Standards and Indicators of Care

Standards and Indicators of Care


As of 1 July 2019 there is a new set of aged care quality standards (Single Quality Framework). The following refers to the 2019 Single Quality Framework, however, please note that these are currently being revised.

The new standards were developed by the Department of Health in collaboration with key stakeholder groups including consumers, carers, aged care service providers, aged care workers and clinicians. The single set of standards apply to all aged care providers in all settings, however, providers only need comply with those standards relevant to the type of care and services they provide. The type of aged care providers covered by the single framework standards are:

  • Residential aged care
  • Transition Care
  • Multi-purpose services
  • Short term restorative care
  • Home Care Packages
  • Services under the:
    • National Aboriginal and Torres Strait Islander Flexible Aged Care Program (NATSIFACP)
    • Commonwealth Home Support Programme

Consisting of eight standards with a focus on consumer-related outcomes, each of the standards includes:

  • A statement of outcome for the consumer
  • A statement of expectation for the organisation, and
  • Organisational requirements to demonstrate that the standard has been met.

The eight standards are:

The Single Quality Framework standards are broadly defined and although palliative care is not explicitly mentioned many of the care standards are highly relevant to the provision of palliative care with its focus on person-centred care and quality of life. The Aged Care Quality and Safety Commission has produced a video for service providers to support compliance with the standards. They have also developed a series of Case Studies for the Aged Care Quality Standards.

Aged care standards and palliative care

The new Standards are applicable to aged care service providers in the context of the care services being provided.

These standards impose a legal requirement to deliver services in accordance with best practice and as such all aged care services have an obligation to consider the applicability of a palliative care within the context of other services.

Under the new standards there are two specific references to end-of-life care:

Standard 2.3 (b) Assessment and planning identifies and addresses the consumer’s current needs, goals and preferences, including advance care planning and end of life planning if the consumer wishes.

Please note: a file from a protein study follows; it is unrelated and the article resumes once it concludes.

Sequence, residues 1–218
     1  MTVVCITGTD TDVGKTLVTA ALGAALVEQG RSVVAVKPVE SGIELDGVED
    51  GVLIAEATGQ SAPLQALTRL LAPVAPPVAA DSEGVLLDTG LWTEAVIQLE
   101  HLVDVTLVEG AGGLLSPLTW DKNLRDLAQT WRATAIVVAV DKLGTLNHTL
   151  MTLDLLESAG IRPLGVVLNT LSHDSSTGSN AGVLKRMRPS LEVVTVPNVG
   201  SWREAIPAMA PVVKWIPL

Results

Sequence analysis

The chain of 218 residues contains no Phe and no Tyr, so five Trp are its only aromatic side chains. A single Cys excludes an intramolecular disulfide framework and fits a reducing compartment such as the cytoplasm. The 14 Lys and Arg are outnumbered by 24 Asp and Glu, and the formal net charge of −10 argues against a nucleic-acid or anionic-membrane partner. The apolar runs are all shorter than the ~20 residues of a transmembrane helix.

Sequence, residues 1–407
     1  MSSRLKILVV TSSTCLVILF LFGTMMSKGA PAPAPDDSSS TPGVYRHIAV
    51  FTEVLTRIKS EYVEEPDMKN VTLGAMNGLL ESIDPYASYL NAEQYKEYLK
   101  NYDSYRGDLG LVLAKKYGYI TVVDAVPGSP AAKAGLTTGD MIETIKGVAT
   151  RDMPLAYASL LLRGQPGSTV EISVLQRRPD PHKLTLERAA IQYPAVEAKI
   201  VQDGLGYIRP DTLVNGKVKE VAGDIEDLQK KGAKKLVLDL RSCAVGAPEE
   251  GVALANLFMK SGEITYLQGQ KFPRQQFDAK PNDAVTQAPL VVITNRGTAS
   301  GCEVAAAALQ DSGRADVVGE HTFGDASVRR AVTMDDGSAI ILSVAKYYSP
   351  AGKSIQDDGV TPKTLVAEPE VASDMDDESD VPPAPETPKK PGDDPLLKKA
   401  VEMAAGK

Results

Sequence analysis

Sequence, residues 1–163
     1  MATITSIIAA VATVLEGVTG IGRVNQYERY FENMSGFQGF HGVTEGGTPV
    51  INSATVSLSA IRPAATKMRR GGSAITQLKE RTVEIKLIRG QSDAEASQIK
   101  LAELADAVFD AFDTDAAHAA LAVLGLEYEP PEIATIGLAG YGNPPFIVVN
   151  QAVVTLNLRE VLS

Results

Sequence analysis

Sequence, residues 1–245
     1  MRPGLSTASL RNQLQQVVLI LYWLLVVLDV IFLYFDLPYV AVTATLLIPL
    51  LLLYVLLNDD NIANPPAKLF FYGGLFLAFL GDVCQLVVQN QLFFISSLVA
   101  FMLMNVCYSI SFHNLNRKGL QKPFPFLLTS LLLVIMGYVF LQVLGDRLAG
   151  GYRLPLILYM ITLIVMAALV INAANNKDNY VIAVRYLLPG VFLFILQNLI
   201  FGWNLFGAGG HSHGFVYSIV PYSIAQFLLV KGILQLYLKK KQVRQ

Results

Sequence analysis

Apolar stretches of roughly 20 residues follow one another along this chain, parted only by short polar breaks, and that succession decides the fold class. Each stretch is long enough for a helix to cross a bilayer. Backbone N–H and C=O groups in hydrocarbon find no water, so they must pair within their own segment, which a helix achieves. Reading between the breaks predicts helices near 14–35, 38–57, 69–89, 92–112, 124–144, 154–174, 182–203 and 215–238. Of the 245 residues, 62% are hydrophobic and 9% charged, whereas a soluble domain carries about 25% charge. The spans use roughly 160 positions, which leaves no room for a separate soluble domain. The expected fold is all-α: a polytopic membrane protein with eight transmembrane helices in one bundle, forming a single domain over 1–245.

Standard 3.3 (c) The needs, goals and preferences of consumers nearing the end of life are recognised and addressed, their comfort maximised and their dignity preserved.

All organisations as part of their care assessment needs will therefore need to be able to address how they have taken these requirements into account.

For more on the place of palliative care in the new Standards, see the Understanding the Standards page.

Measuring quality

The review of national aged care quality regulatory processes (2.11MB pdf) found that the accreditation of residential care providers had resulted in improved quality of care. However, evidence of failures and media reporting of anecdotal accounts of abuse and neglect has led to establishment of the Royal Commission into Aged Care Quality and Safety.

Quality can mean different things to different people which makes it difficult to measure. Assessing quality in palliative care is even more difficult. As quality of care is difficult to measure, quality indicators are often used. These may measure aspects of care given or the experience of care received or the processes in place to ensure quality of care.

Recognising the importance of providing people with better information upon which to make a decision the Government has introduced two initiatives, the National Aged Care Mandatory Quality Indicator Program and Consumer Experience Reports. The first is aimed at providing objective information relating to performance around three key aspects of clinical care and the second is designed to provide information gathered from residents about their experience living in the facility around areas considered important for quality of life. Consumer experience reports can be viewed on the Aged Care Quality and Safety Commission website.

All Commonwealth subsidised residential aged care services must collect and provide quality indicator data against the following quality indicators:

  • pressure injuries
  • use of physical restraint
  • unplanned weight loss.

You can learn more about consumer experience reports in the pages on Consumer Experience.

Page updated 16 December 2021